Simon Longstaff The Ethics Centre

Following the release of Commissioner Hayne’s royal commission final report on  the banking and financial services sector, our Executive Director shares his take on the findings for the Australian Financial Review.

The Final Report of the Hayne Royal Commission is both unsparing and inspired.

Mr Hayne casts a wide net in his analysis of what went wrong in Australia’s banking and finance industry. However, there is one group on whom he pins ultimate accountability; the boards and senior executives of the entities whom he found to be at fault, “Nothing that is said in this Report should be understood as diminishing that responsibility. Everything that is said in this Report is to be understood in the light of that one undeniable fact …”

That is the unsparing part of the Report.

Kenneth Hayne is inspired in his injunction to all Australian business that it must apply some underlying principles, “These norms of conduct are fundamental precepts. Each is well-established, widely accepted, and easily understood.”

  • Obey the law;
  • Do not mislead or deceive;
  • Act fairly;
  • Provide services that are fit for purpose;
  • Deliver services with reasonable care and skill; and
  • When acting for another, act in the best interests of that other.

A dominant theme in Mr Hayne’s final report is that it is time to eliminate the law’s own exceptions to these principles – a series of ‘loopholes’ – often the product of political convenience – that allow the underlying principles to be violated by those with the wit, means and licence to do so.

There is a subtle quality to Mr Hayne’s arguments on this point. At no time does he suggest that ethical commitments should be elevated above compliance with the law. Indeed, he is clear that he opposes that approach. However, he makes it clear that the Law must conform with ethics – in the form of ‘underlying principle’.

The implications of this for the targets of his harshest criticism – boards and senior executives – are profound. For too long, it has been possible to ease through a loophole and take comfort from the fact that questionable (and profitable) conduct was ‘strictly legal’. That approach has cost us all dearly.

The fact that a loophole was available to be exploited does not mean that it should have been. The capacity to exercise ethical restraint (not to do everything that is possible) was always latent within the ranks of boards and senior management.

To be fair, we should acknowledge that boards and senior management have often exercised that capacity. We will never know (and credit will never be given) for the many cases of good judgement that have prevailed. Unfortunately, in the current environment, a multitude of good decisions counts for little when compared to the relatively few, but emblematic, cases of ethical failure – some of which may also have been unlawful.

Ethical failure occurs when core purposes, values and principles are betrayed. On some occasions this is done in a knowing and deliberate manner. More often, the cause is a failure of culture and governance (both intimately linked) that leads an organisation to ‘sleep walk’ into an ethical ‘death pit’.

Recognising this, Commissioner Hayne recommends that:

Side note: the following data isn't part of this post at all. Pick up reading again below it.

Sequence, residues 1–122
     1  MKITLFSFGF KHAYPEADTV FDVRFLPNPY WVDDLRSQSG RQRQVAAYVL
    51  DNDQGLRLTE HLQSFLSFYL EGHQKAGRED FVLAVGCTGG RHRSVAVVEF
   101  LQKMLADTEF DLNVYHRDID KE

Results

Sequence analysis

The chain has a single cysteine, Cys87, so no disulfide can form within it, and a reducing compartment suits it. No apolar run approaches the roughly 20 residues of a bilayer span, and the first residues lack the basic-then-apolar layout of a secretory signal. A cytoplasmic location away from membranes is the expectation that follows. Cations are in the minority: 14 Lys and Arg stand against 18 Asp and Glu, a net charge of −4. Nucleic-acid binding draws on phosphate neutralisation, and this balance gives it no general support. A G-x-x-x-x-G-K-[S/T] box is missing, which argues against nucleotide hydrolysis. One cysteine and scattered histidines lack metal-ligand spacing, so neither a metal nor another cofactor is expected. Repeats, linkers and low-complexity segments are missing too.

All financial services entities should, as often as reasonably possible, take proper steps to:

  • Assess the entity’s culture and its governance
  • Identify any problems with that culture and governance
  • Deal with those problems, and
  • Determine whether the changes it has made have been effective 

In doing so, Hayne supports and extends the approach already adopted by APRA and ASIC by looking beyond ‘risk culture’ to evaluate the whole.

The Ethics Centre is a pioneer in the development and application of world-class tools for undertaking precisely the kind of evaluation being recommended by Hayne. This approach should not be limited to banking and financial services. It is essential for all organisations – whether in the private or public sectors.

The trouble is that boards and senior managers are often deeply reluctant to look into a well-polished mirror that reveals the truth about their organisation. Instead, they look to those who offer a ‘magic mirror’ that always reflects the comforting myth that you are the ‘fairest of them all’. It takes a certain kind of moral courage to ask for the truth. Perhaps Kenneth Hayne has strengthened the sinews of corporate Australia.

We will see!

Australia was one of the first countries to develop an ethical framework for banking and finance. The Banking + Finance Oath was created in the aftermath of the global financial crisis – at a time when all seemed to be relatively rosy on the domestic front.

The great disappointment was that so few people took up the opportunity to commit to the ‘underlying principles’ on which the BFO is based. Perhaps too many people saw that reality fell too short of the ideal.

If ever there was a time to make something better, it is now. In the wake of the Hayne royal commission, it is time for the ethical majority, working within banking and finance, to step up. Whatever your role or seniority – it’s time to own what is noble in the aims of banking and finance and to give life to its ideals.

Embrace underlying principle, measure and achieve alignment, exercise ethical restraint, regain trust. Do so in the expectation of profit and to earn that most elusive of rewards: a good name.

That is the opportunity that lies latent in the recommendations of the Hayne Report.

Dr Simon Longstaff is executive director of The Ethics Centre